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Al Hirschfeld Theatre

Paul Robeson – Ol’ Man River (Showboat – 1936) J.Kern O. Hammerstein II

Ol’ Man River (Jerome Kern – Oscar Hammerstein II). Lyrics from the Original Libretto. Dare’s an ol’ man cal’d de Mississipi, Dat’s de ol’ man dat I’d lek to be, Whot does he care, iv de world gets trauble,Whot does he care iv de land lev’s free. Ol’ man river, Dat ol’ man river, He mus’know sumpin’, But don’t say nuthin’, He jes’keeps rollin’, He keeps on rollin’ along.

250px-HirschfeldtheatreThe Al Hirschfeld Theatre, showing the musical The Wedding Singer, 2006.

The Al Hirschfeld Theatre is a Broadway theatre located at 302 West 45th Street in midtown-Manhattan.

Designed by architect G. Albert Lansburgh for vaudeville promoter Martin Beck, the theatre opened as the Martin Beck Theatre with a production of Madame Pompadour on November 11, 1924. It was the only theater in New York that was owned outright without a mortgage. It was designed to be the most opulent theater of its time, and has dressing rooms for 200 actors. The theatre has a seating capacity of 1,424 for musicals.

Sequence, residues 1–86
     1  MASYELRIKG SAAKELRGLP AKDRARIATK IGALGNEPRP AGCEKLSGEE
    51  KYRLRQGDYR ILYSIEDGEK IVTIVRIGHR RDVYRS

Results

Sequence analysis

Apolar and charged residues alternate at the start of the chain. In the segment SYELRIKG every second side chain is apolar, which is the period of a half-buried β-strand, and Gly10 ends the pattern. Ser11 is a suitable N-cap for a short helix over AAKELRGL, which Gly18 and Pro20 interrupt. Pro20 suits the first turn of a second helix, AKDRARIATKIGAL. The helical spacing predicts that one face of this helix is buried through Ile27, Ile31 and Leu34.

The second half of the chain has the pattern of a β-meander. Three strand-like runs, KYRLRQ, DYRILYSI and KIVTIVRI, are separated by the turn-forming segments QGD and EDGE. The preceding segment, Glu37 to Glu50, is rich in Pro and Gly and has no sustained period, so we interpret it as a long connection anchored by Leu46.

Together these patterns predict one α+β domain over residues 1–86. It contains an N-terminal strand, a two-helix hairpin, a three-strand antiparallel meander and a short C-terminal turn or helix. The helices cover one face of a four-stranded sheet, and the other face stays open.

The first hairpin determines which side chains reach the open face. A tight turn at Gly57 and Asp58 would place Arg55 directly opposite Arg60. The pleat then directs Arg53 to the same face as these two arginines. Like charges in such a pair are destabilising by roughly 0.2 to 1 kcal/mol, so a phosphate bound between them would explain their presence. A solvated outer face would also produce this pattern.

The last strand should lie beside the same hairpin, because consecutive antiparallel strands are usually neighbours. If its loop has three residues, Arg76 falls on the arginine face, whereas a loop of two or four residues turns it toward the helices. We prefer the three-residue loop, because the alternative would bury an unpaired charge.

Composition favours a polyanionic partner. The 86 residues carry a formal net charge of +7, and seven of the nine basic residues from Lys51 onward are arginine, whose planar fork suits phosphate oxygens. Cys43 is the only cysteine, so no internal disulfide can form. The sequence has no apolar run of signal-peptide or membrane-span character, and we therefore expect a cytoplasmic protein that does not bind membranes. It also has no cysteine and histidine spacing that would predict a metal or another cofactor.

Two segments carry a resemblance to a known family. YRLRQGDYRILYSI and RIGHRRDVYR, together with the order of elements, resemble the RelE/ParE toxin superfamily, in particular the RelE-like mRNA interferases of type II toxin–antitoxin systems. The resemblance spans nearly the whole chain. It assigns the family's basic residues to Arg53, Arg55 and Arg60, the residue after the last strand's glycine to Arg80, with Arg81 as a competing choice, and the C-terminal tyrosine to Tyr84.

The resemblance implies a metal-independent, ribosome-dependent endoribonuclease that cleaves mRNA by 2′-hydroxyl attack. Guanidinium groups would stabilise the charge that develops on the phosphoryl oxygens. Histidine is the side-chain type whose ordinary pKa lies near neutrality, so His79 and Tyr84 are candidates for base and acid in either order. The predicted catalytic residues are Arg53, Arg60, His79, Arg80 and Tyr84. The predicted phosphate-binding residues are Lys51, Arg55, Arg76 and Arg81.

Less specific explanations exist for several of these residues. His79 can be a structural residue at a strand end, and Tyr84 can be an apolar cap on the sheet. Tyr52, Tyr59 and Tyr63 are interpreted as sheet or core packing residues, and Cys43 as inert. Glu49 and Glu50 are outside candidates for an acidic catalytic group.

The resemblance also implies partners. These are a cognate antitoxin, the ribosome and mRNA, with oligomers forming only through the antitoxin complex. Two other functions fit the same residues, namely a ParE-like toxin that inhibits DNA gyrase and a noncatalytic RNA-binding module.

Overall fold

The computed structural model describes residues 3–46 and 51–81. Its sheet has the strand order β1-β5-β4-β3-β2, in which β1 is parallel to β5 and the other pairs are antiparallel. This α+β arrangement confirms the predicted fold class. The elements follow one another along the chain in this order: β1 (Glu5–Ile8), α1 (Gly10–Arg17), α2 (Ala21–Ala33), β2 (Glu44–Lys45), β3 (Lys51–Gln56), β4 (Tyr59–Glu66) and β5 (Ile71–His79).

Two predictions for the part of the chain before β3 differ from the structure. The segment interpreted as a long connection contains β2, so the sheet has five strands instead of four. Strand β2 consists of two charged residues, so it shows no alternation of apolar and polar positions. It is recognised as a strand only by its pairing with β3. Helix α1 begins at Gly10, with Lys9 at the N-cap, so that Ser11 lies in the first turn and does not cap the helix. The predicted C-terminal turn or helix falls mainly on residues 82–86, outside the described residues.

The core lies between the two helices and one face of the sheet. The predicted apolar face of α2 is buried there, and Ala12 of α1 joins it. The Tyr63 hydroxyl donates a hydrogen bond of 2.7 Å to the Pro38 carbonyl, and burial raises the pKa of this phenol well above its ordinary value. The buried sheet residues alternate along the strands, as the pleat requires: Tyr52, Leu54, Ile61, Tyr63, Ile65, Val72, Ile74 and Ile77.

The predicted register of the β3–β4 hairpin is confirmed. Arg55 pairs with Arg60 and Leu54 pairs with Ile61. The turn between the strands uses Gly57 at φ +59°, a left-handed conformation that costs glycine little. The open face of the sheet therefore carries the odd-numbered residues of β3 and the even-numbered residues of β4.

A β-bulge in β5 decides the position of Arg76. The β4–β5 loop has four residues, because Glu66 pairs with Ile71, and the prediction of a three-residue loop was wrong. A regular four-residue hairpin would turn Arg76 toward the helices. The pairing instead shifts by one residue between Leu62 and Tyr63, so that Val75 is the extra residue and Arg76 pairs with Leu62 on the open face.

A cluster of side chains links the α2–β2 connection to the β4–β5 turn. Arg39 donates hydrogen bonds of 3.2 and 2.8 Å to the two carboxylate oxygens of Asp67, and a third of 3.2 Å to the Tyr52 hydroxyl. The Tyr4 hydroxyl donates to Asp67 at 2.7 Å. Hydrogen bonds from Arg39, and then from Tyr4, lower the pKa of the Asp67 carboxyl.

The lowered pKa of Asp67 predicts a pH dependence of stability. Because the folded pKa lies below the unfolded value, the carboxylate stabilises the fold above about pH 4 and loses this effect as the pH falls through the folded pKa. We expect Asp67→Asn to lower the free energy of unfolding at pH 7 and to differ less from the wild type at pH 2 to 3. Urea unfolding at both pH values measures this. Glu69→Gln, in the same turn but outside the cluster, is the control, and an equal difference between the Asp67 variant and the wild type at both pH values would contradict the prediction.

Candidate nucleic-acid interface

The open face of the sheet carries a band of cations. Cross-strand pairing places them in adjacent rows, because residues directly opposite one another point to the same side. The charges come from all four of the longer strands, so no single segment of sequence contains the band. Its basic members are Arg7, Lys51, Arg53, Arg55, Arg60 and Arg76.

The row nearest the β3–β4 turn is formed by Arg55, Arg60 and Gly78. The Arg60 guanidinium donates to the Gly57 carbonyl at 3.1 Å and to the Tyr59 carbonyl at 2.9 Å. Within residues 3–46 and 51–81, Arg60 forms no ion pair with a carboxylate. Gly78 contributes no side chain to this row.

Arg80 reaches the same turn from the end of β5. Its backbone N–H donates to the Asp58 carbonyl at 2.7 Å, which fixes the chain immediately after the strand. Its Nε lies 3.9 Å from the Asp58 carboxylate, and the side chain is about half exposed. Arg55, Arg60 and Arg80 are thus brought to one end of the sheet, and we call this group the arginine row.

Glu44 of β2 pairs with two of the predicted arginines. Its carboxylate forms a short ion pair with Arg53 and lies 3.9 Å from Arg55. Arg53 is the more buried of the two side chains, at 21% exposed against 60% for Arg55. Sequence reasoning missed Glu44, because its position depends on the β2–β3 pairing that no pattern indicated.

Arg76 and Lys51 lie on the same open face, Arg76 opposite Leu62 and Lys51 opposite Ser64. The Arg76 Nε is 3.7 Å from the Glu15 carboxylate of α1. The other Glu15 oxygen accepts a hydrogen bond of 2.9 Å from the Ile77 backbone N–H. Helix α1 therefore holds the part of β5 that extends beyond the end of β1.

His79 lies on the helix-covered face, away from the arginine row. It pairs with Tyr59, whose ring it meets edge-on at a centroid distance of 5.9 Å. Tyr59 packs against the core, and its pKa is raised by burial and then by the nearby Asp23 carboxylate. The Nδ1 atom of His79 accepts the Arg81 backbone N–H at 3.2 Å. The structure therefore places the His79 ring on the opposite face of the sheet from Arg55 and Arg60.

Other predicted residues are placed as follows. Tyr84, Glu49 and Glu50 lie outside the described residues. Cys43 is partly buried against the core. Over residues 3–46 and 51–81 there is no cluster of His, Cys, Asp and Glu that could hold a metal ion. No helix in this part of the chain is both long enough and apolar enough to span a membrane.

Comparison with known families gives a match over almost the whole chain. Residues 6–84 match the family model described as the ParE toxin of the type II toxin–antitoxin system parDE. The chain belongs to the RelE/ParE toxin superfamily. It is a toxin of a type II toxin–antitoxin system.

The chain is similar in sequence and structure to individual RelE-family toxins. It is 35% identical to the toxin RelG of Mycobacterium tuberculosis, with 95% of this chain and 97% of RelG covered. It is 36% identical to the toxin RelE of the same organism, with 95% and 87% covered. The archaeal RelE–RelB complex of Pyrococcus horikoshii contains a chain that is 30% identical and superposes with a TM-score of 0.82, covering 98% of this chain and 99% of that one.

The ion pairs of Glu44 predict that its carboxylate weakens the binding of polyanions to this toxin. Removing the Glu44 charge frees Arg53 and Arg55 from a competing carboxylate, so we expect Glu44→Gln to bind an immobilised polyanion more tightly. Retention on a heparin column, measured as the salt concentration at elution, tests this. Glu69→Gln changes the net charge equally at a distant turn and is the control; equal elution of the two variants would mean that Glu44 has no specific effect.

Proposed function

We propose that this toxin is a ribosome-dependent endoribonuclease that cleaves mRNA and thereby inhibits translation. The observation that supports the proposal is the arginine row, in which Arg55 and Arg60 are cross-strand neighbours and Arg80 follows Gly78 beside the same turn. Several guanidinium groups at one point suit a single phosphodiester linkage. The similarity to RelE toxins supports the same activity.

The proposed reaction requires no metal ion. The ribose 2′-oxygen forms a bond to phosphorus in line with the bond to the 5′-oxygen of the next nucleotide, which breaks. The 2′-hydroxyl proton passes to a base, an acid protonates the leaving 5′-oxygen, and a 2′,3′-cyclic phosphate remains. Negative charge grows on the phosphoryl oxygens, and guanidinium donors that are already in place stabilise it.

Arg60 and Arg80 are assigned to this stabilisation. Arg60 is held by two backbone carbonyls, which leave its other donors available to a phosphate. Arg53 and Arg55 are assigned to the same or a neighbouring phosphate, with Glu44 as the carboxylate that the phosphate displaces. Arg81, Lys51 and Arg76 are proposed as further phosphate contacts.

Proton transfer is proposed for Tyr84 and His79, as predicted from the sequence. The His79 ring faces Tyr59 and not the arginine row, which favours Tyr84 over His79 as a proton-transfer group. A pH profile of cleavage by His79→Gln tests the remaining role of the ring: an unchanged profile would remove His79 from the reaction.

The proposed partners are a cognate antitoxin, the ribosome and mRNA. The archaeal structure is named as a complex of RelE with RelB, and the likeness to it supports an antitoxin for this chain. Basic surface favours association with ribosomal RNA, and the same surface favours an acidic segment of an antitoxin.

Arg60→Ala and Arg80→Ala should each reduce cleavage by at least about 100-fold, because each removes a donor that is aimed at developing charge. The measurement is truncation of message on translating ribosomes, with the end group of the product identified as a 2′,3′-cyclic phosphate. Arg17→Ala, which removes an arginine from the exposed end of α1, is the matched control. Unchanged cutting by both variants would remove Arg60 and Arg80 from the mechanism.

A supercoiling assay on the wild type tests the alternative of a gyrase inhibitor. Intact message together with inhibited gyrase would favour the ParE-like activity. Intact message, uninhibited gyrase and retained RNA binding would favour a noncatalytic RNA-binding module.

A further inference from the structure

Famous appearances include Basil Rathbone as Romeo with Katharine Cornell as Juliet in December 1934; Frank Langella in DraculaElizabeth Taylor in The Little FoxesChristina Applegate as the title role in Sweet CharityDavid Hyde Pierce as Lt. Coffi in the musical Curtains; and Daniel Radcliffe in the latest revival of How to Succeed in Business Without Really Trying.

On June 21, 2003, it was renamed the Al Hirschfeld Theatre in honor of the caricaturist famous for his drawings of Broadway celebrities, and reopened on November 23, 2003, with a revival of the musical Wonderful Town.

This is one of five theatres owned and operated by Jujamcyn Theaters, who purchased it in 1965 from the Beck family.

220px-Hirschfeld_daytime_jehNotable Productions

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